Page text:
How molecular biology will help feed the world

William Woods Undergraduate

Bachelors in biology students practice molecular biology

The current world population is 7.3 billion, and is expected to reach 9.7 billion people by the year 2050.

With that, the Food and Agriculture Organization of the United Nations estimates we will need to increase food production by 70 percent in the next 35 years to meet the growing number of mouths to feed on the planet.

Due to global climate change, the amount of arid land — too dry to harvest most crops — is also on the rise.

As perpetual growth continues and natural resources dwindle, it is in the confines of scarcity that opportunity is found.

Jill Farrant, professor of molecular and cell biology at the University of Cape Town in South Africa is working to develop drought-tolerant crops that will be able to resist the driest climate conditions and still produce the amount of food needed to nourish the escalating population.

In a recent TED Talk, Farrant shared her research, comparing commonly used crops and agricultural food sources to what are called “resurrection plants”.

Most plants are comprised of 95 percent water and can lose only between 10 and 70 percent of that water (dependent on the species), for short amounts of time before they die. Resurrection plants, Farrent explains, are different.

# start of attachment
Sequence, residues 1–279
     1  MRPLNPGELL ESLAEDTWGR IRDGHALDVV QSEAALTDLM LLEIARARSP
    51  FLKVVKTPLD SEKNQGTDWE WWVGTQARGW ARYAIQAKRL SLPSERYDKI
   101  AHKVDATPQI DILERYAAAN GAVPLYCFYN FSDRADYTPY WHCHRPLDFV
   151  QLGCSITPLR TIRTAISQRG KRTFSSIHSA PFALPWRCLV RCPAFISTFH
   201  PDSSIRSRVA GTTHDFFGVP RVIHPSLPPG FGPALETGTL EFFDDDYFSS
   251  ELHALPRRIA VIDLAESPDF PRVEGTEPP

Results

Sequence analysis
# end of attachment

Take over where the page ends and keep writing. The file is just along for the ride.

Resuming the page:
These plants can lose 95 percent of their cellular water, remain in a dry, dead-like state for months to years, and once given water, will green and begin growing again within 12 to 48 hours.

“My research has shown that there’s considerable similarity in the mechanisms of desiccation tolerance in seeds and resurrection plants. So I ask… are resurrection plants using genes evolved in seed desiccation tolerance in their roots and leaves?” Farrant asks.

“The answer is yes,” Farrent says. “There is a core set of genes that are involved in both.”

The goal of this project and Farrant’s research is to understand the environmental and cellular signals that activate in these resurrection plants during a drought, and mimic this process in other crops.

“What we’re trying to do very rapidly is to repeat what nature did in the evolution of resurrection plants some 10 to 40 million years ago,” says Farrant.

Bachelors in biology students at William Woods University can take courses like BIO 405: Cell and Molecular Biology, where they will learn more about the ultrastructure of the cell, from the biochemical structure and function of DNA and proteins to genetic reorganization and more. Students can also learn more about agriculture and plant behavior within an ecosystem through BIO 330: Ecology.

You can watch Farrant’s TED Talk and learn a little more about her research and findings below.

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